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Energy Camp trades PowerPoints for user discussions to explore Green IT

On Monday, the day before the main events of Interop Las Vegas 2008 officially kicked off, a group of about 70 professionals from the technology industry huddled up for an unconference called Energy Camp, which used a free-wheeling, user-driven format to explore the issues of energy efficiency and Green IT.

On Monday, the day before the main events of Interop Las Vegas 2008 officially kicked off, a group of about 70 professionals from the technology industry huddled up for an unconference called Energy Camp, which used a free-wheeling, user-driven format to explore the issues of energy efficiency and Green IT.

In preparation for the event, Interop Executive Conference Director David Berlind said, "Getting to the unvarnished truth about what works and what doesn't and figuring out what solutions really deliver on the promise of energy savings is a difficult task . At Energy Camp we're going to get the conversation between all the stakeholders rolling. Not only will IT professionals come away with concrete action items and the beginnings of a long term plan, they'll have an opportunity to give feedback to the solution providers who've created all the noise in this space."

David Berlind (closest to the board) and Energy Camp attendees explore the board where attendees posted their pitches for conference sessions. Photo credit: Interop

The model for an unconference goes back to Harris Owen in 1985 and his concept of Open Space. The idea has enjoyed a resurgence in recent years based around the opinion that the best stuff at conferences like Interop doesn't happen in the PowerPoint-driven sessions or the swag-driven Expo Hall but in the informal interactions between the attendees, who discuss their IT experiences and share advice with each other.

"Let's take the coffee break and make that the main event." said, Berlind, explaining the idea behind the unconference format.

James Governor, founder of RedMonk, offered the alternative, "Let's capture the water cooler and turn it into a conference."

Lenny Heymann, general manager of Interop, said, "The 'unconference' model ensures an intimate focus on one of the most critical issues the industry is facing today: sustainable IT, delivering another piece of the big picture for our audiences at the forefront of the discussion."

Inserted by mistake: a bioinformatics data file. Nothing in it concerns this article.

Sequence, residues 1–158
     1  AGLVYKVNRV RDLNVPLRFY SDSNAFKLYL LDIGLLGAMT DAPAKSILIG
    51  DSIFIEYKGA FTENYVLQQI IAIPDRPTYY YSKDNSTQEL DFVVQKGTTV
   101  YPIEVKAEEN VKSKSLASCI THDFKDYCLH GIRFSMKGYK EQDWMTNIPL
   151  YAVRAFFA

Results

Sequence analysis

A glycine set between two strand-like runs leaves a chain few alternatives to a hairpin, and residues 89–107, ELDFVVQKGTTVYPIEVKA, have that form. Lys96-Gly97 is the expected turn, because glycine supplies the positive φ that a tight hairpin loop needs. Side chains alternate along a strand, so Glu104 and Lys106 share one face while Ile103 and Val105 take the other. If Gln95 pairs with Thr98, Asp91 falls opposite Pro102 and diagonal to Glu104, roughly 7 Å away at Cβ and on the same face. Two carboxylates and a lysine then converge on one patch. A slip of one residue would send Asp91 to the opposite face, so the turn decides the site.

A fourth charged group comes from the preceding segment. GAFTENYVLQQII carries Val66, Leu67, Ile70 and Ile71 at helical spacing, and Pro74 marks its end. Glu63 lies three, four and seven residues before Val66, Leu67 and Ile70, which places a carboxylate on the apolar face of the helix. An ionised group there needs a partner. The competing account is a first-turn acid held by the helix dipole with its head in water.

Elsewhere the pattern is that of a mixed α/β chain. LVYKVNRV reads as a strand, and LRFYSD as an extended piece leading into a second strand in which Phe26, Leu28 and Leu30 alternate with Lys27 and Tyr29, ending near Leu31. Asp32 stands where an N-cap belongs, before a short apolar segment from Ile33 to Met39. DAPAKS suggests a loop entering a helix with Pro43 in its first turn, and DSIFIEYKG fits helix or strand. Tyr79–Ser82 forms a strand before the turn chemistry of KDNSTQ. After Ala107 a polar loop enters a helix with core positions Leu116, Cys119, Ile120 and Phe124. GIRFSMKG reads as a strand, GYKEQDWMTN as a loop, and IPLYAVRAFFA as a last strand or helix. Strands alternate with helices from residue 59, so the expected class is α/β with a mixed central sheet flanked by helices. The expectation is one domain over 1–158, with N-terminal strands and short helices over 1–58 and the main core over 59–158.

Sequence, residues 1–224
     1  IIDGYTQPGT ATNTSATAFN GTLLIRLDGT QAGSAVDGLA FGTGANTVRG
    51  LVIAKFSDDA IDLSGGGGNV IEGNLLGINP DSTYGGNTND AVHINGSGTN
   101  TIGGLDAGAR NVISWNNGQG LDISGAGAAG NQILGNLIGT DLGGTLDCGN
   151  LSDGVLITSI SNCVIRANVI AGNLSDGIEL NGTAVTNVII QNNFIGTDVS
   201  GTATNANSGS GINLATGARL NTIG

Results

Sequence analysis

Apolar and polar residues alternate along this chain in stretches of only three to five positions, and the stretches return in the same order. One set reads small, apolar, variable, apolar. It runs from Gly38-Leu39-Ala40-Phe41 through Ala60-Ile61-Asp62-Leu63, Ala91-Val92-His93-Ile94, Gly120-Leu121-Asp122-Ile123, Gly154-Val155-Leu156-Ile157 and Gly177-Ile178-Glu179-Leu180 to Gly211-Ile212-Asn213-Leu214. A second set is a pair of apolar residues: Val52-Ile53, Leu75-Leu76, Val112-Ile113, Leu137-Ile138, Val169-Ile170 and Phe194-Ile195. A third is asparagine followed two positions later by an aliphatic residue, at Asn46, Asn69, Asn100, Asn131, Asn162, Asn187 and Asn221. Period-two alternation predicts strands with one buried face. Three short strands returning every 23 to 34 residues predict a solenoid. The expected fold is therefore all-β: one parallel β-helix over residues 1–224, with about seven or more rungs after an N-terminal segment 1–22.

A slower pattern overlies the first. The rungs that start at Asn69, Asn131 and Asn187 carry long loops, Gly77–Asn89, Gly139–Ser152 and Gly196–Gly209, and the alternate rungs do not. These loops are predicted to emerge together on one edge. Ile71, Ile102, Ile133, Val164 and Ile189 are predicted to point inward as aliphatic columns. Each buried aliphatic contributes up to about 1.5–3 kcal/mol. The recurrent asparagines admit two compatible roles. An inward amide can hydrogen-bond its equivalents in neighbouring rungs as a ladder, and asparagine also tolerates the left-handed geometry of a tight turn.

The event started with a more traditional presentation to kick things off, but then attendees were invited to take markers and paper and write down their idea for a discussion topic. Each person who had written something went up to the front of the room, took the mic, and explained their idea to the audience. Then the attendee taped the idea into a slot on the grid. After all the ideas were up on the board, the attendees gathered around and consulted about which ideas were similar enough to group together, with the permission of the people who originally submitted the idea.

Some of the topics that made the cut included:

  • Alternatives to business travel
  • Building a hyper-energy efficient data center (case study)
  • Best layouts for data centers while staying green
  • Operationlizing green practices
  • It's the people, stupid
  • HVAC distribition in the data center
  • Best practices for recycling and refurbishing electronics

The last session on recycling/refurbising was a session that I led, and I was impressed by the level of the discussion. We explored everything from companies/organizations that have free recycling programs to internal policies for dealing with old equipment to the differences between the U.S. and Europe in handling electronics waste to opportunities to donate old equipment.

Bottom line for IT leaders

The unconference format can provide a great opportunity to network, share best practices, and do some problem solving if you can find an event in a topic that you are passionate about. Also, if you'd like to see some of the grassroots ideas that IT professionals are thinking about in the area of Green IT, follow the Energy Camp Wiki.

About

Jason Hiner is Editor in Chief of TechRepublic and Long Form Editor of ZDNet. He writes about the people, products, and ideas changing how we live and work in the 21st century. He's co-author of the upcoming book, Follow the Geeks (bit.ly/ftgeeks).

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